In the process of developing policy, Iyanu explains the goal was to be informed by the struggles of all youth, in conjunction with acknowledging personal experiences.  Iyanu’s policy memo focuses on decriminalizing Black Hair worldwide. The issue of hair discrimination disproportionately affects Black women in the labor force and the educational realm. She explains developing a policy affecting women located at the intersection of marginalized identities (i.e race and gender) required her to situate herself within the issue in order to be well-informed about the complexities associated with discrimination on the basis of hair. 

As an individual who has experienced this type of discrimination in various forms, in different parts of the world, Iyanu explains she found value in reflecting on her personal experiences to fully capture the necessity of taking action at the global political level.

As a youth group seeking institutional change in a space with such powerful stakeholders, a question remains around the role of politicians, government representatives, and community leaders, in the actualization of gender equality. 

According to Shuchita Das – a youth delegate and a U1 International Development and Psychology student, the power and resources possessed by such stakeholders should be leveraged to make institutional changes to empower women and children. She argues youth should use their platforms to hold these powerful stakeholders accountable.  To achieve this, Shuchita points out recommendations must be strategically presented to stakeholders such that it applies to their interests.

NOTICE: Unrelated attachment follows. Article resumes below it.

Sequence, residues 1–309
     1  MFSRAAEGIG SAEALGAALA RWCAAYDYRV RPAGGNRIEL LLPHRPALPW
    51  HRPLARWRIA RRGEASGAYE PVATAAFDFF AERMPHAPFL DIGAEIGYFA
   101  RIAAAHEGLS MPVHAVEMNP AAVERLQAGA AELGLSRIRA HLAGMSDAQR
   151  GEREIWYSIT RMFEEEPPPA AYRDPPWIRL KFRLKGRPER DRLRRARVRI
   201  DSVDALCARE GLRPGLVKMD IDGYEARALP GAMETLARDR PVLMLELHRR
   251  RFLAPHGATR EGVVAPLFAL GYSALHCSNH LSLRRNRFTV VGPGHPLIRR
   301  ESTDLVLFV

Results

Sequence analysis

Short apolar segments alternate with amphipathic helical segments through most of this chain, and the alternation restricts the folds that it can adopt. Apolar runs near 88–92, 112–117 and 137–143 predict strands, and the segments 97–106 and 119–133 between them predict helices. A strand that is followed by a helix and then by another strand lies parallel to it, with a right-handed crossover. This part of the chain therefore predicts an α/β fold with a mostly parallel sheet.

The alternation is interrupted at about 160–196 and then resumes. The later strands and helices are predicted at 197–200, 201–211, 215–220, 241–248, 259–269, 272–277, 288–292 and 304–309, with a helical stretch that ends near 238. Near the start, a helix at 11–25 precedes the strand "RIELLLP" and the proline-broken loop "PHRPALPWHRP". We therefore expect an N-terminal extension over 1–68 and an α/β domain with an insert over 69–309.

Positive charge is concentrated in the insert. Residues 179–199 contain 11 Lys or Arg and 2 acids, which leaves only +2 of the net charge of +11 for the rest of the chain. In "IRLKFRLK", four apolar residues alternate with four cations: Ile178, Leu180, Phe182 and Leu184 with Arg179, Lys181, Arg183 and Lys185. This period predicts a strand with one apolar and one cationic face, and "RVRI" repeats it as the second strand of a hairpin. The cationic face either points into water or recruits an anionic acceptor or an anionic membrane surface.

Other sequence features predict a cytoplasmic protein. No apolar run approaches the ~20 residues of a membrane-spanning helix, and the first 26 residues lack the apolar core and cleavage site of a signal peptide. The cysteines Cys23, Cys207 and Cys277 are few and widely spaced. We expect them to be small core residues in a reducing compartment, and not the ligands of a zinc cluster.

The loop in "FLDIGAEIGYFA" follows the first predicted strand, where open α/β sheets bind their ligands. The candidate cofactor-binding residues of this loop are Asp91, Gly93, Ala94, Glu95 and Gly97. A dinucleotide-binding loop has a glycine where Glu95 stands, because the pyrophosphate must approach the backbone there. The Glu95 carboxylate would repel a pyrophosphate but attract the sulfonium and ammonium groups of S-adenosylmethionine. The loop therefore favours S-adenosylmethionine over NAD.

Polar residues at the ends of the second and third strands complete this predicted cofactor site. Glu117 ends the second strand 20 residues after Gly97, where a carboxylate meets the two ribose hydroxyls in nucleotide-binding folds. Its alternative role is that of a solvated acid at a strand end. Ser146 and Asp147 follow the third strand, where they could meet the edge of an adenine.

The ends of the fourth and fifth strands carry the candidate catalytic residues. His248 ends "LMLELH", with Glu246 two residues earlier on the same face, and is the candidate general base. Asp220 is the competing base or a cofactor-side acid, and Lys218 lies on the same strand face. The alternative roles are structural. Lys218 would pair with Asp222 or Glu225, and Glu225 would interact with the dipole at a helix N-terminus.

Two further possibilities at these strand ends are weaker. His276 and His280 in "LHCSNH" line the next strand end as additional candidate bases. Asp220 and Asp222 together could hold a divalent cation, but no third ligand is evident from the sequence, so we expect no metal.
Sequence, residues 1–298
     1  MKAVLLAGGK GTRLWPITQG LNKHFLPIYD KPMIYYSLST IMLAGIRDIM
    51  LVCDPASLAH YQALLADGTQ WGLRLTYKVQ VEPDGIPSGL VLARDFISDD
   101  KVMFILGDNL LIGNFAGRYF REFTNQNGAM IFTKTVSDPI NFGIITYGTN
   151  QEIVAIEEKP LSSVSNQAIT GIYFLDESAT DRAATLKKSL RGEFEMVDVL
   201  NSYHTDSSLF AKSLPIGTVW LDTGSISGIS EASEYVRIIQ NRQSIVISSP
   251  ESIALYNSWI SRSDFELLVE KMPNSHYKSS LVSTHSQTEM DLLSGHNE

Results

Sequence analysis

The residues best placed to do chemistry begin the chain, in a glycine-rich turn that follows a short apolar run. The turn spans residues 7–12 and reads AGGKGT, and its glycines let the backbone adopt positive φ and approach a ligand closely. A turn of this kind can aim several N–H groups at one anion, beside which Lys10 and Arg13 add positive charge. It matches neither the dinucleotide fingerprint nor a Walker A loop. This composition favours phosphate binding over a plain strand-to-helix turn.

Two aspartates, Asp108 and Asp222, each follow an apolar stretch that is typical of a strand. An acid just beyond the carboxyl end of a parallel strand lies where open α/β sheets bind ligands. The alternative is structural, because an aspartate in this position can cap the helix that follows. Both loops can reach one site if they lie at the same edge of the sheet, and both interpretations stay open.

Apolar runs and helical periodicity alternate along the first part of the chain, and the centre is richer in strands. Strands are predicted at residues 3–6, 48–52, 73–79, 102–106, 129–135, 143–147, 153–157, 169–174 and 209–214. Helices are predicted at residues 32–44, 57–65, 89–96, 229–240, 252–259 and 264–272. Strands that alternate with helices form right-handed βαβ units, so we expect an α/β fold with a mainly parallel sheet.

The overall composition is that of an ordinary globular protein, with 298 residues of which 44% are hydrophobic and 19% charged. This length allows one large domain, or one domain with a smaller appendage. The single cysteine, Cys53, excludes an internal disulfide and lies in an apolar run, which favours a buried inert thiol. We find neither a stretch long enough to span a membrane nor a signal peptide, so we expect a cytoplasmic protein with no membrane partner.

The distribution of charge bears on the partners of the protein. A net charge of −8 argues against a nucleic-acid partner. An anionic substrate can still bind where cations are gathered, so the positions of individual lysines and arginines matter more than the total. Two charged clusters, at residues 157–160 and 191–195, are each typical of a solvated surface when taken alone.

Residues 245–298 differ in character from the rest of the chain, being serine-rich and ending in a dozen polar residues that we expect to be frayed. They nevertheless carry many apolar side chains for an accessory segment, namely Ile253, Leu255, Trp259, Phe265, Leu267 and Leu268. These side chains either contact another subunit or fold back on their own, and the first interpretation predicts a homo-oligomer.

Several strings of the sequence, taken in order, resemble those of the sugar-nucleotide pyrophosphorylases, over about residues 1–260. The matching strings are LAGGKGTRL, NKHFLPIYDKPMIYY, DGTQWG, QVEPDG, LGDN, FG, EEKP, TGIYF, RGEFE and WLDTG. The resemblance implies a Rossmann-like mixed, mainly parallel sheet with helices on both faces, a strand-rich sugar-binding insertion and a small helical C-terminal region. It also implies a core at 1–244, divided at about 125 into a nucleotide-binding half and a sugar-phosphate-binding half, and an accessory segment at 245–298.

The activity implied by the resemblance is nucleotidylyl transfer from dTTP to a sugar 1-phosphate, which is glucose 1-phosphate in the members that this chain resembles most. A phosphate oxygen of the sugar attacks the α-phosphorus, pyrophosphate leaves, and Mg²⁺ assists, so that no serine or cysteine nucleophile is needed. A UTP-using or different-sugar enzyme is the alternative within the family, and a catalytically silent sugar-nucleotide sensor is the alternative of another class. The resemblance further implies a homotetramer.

For example, in advocating the importance of supporting women near foreign military bases, Shuchita’s policy recommendation highlighted the economic benefits of empowering women. As numerous politicians and governments move to prioritize the economy, she presented the allocation of funding to girls’ education as an economic opportunity to improve livelihood prospects within a community and expand the domestic economy. By doing this, Shuchita argues powerful stakeholders would be more inclined to get involved.

Regardless, community involvement and action from national leaders is critical as the implementation of institutional change requires funding and resources that world leaders can provide. 

This opinion piece is part of a broader, week-long MJPS Online series in collaboration with IRSAM’s delegation to the United Nations. Click here for other components of the series. The views expressed in this piece are solely those of the author and do not reflect the position of the McGill Journal of Political Studies, or the Political Science Students’ Association. Questions regarding this series can be directed to 

Photo by Sabrina Gill